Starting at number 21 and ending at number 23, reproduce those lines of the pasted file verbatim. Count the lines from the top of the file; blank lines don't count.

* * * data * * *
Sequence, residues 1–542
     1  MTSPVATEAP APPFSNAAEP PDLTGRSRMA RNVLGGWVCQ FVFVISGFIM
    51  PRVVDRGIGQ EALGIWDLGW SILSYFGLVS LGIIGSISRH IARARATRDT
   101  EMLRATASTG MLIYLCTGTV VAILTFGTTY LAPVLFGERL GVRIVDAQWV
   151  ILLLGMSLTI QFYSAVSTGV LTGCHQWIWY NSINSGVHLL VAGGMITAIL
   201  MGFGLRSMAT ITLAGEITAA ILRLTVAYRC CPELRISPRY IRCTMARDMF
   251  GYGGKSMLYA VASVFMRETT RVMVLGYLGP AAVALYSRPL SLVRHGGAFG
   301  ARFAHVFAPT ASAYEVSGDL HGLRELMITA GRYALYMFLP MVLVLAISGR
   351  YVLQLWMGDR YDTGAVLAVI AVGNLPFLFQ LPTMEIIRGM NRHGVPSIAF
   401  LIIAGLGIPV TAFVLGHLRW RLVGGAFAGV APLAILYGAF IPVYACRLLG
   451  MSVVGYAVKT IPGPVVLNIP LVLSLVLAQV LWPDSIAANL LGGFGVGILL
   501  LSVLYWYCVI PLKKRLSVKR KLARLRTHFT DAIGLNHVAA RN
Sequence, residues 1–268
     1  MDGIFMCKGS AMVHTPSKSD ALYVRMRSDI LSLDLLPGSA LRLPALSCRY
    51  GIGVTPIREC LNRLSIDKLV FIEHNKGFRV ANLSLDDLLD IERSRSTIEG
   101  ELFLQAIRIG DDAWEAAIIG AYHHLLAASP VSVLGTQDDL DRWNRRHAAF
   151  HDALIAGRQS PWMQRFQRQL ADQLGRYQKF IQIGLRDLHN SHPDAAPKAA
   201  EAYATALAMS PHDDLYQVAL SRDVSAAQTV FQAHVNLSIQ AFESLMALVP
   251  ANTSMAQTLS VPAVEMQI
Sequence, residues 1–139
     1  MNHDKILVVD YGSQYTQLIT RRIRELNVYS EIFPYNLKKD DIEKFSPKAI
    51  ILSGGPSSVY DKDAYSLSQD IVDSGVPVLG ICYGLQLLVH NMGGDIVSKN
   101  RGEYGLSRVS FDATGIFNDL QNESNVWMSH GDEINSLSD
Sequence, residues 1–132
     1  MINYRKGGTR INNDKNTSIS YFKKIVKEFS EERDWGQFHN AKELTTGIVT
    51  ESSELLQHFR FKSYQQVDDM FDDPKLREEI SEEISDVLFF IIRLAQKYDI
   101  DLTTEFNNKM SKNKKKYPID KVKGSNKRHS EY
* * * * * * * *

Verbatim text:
     1  MNHDKILVVD YGSQYTQLIT RRIRELNVYS EIFPYNLKKD DIEKFSPKAI
    51  ILSGGPSSVY DKDAYSLSQD IVDSGVPVLG ICYGLQLLVH NMGGDIVSKN
   101  RGEYGLSRVS FDATGIFNDL QNESNVWMSH GDEINSLSD